Who needs a routine eye exam?
Every patient needs routine eye examinations, but each patient’s exam frequency depends on factors such as their health, age, and whether or not there are any past eye issues.
Since vision is such an important part of learning, children should have annual eye exams. If your child is generally healthy, has no existing vision issues, and has had a previous exam performed by a pediatric ophthalmologist, he or she can stretch their exam to every two or four years instead of coming in for an exam annually. However, if your child has existing health problems, such as diabetes, then an annual exam is necessary to maintain eye health. Children with problems like ocular misalignment or amblyopia should also be seen regularly.
To schedule a routine eye exam, contact the Children’s Eye Center of Orange County at (949) 236-7050.
What happens during a routine eye exam?
Before the eye exam begins, you should tell the pediatric ophthalmologist about any chronic illnesses that your child is dealing with, or any medications or supplements that he or she is taking. It is also important to share your family’s health history and any other information that could be helpful or have an effect on your child’s vision in the future.
During the exam, the pediatric ophthalmologist will test your child’s eyesight and overall eye health. Your child will be asked to read letters of varying sizes off of a chart in order to test his or her vision acuity (clarity). This test helps the doctor to determine whether or not your child has normal eyesight or needs further evaluation in order to determine the need for glasses to correct myopic (nearsighted) or hyperopic (farsighted) vision. If your child is nonverbal, your pediatric ophthalmologist will be able to determine his or her vision by using other techniques.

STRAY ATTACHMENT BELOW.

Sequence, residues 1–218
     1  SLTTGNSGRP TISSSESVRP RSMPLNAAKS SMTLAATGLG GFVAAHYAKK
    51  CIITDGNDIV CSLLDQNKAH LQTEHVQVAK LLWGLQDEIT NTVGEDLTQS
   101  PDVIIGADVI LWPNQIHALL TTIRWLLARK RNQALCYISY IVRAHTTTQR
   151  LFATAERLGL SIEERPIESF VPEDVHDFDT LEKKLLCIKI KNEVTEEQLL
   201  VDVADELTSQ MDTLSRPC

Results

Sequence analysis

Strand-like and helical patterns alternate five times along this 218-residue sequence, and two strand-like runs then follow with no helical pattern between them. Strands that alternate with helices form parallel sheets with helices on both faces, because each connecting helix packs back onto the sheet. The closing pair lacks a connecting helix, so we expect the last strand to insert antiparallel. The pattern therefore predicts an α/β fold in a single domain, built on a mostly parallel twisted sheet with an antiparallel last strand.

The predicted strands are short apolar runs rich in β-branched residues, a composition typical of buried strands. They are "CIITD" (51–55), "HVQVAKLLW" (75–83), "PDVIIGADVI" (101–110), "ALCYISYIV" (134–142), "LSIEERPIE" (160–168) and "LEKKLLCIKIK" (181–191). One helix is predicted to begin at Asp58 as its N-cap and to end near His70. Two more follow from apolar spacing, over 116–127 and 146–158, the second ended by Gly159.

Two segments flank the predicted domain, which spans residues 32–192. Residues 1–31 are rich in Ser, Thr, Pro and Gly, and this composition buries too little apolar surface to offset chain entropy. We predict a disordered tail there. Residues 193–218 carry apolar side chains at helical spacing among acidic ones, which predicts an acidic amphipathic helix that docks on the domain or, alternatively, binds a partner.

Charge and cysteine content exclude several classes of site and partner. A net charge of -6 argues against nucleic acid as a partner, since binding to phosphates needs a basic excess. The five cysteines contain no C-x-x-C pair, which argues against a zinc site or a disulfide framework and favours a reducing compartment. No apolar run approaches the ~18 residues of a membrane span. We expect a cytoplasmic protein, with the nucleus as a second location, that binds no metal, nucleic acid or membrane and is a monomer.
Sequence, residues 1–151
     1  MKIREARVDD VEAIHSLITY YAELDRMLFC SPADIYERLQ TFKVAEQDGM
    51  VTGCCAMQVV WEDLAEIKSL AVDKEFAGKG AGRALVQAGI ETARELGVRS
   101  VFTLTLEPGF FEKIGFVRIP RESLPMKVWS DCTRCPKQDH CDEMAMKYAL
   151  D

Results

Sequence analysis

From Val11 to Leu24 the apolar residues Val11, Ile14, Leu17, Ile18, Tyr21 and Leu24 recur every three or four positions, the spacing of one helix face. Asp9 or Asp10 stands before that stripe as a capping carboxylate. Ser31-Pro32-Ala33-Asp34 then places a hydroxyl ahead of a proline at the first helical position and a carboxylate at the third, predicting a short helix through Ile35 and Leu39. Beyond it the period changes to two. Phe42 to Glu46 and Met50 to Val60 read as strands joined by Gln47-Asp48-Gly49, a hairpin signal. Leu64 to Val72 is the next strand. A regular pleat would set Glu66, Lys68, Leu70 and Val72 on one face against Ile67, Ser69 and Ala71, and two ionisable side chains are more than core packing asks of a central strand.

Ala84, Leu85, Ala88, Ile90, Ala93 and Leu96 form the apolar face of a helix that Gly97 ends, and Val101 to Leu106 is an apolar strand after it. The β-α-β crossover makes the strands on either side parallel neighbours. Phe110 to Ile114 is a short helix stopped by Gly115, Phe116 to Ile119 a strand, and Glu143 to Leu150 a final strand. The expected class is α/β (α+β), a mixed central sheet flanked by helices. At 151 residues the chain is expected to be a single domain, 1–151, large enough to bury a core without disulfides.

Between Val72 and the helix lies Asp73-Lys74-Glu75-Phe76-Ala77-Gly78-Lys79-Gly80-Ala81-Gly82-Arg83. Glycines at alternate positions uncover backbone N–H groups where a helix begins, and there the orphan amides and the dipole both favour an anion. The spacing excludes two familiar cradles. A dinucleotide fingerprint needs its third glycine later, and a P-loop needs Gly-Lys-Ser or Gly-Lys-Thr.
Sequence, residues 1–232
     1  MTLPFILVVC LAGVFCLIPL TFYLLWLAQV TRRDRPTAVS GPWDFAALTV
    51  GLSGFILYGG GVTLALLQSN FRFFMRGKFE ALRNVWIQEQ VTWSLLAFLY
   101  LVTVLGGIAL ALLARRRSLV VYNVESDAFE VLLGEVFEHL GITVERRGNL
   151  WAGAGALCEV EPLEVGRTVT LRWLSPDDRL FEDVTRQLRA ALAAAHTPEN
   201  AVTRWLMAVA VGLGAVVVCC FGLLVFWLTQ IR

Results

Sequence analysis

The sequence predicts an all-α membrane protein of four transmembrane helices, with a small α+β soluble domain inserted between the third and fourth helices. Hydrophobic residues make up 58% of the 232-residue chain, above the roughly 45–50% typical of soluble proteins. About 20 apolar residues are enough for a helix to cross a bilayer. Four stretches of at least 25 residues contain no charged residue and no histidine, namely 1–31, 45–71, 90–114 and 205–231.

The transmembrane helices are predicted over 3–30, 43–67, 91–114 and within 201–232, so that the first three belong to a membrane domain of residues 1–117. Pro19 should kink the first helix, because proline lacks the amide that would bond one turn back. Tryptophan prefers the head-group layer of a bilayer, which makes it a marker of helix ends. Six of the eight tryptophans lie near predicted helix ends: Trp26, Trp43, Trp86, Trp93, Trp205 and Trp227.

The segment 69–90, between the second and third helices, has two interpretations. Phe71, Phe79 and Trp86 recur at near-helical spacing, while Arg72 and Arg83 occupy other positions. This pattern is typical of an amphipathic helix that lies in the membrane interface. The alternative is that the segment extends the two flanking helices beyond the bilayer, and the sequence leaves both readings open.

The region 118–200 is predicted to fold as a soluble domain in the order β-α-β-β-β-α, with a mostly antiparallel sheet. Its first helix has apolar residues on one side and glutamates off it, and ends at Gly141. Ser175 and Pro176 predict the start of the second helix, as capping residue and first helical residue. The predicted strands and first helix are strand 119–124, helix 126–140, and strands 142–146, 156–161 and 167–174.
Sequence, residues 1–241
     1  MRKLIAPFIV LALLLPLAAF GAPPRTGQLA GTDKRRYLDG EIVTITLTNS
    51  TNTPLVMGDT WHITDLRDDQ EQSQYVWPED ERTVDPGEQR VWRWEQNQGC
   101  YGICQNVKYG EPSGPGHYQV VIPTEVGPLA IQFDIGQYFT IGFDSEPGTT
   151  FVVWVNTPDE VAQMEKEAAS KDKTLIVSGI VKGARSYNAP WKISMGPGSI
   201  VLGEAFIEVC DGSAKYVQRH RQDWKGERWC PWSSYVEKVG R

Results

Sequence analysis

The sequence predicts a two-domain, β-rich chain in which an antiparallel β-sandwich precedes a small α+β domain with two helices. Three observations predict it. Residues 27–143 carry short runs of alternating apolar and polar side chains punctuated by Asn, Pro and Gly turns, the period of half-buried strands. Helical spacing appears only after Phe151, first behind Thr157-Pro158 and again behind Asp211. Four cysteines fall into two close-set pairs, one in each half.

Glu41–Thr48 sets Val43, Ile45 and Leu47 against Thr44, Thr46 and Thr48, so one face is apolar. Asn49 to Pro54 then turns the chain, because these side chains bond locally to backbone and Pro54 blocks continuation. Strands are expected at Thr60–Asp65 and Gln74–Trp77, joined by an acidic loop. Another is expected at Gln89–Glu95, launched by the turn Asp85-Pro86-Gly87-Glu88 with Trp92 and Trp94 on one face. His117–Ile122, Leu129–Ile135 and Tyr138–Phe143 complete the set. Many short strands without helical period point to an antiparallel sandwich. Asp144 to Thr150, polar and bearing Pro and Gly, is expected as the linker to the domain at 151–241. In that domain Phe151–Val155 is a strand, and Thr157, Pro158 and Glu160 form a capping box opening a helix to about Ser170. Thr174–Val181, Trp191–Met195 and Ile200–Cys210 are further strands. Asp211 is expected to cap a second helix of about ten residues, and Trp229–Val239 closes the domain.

Ocular alignment and eye muscle movement will be evaluated. Your doctor may use different prisms (lenses) to further evaluate any existing eye muscle deviations. Depth perception and evaluation of lazy eye amblyopia will be done on every patient.
Additionally, the doctor will examine your child’s eyelids and use different instruments and lights in order to look into the eyes, behind the eyes, and one the eye surfaces. Similar to blood pressure evaluation at a primary doctor’s office, your child’s ophthalmologist uses a device to check the pressure inside the eye as a test for glaucoma.
None of the testing performed during a routine eye exam is painful or uncomfortable for your child. During the first exam, and occasionally during follow-up exams, the ophthalmologist will use eye drops that dilate, or widen, the pupils. This can make it hard for your child to focus properly for a few hours after the exam, but is useful and allows the ophthalmologist to fully evaluate the back of the eye and get a more accurate measurement of the glasses prescriptions. Your pediatric ophthalmologist may place several lenses in front of the eye to determine the prescription of glasses for your child. This may be done without the need for your child to answer any questions.
If your child’s ophthalmologist believes that eyeglasses are necessary for vision correction, you will receive a prescription based on the routine eye exam. For your convenience, a selection of eyeglasses and patches are available in the office that can meet your needs.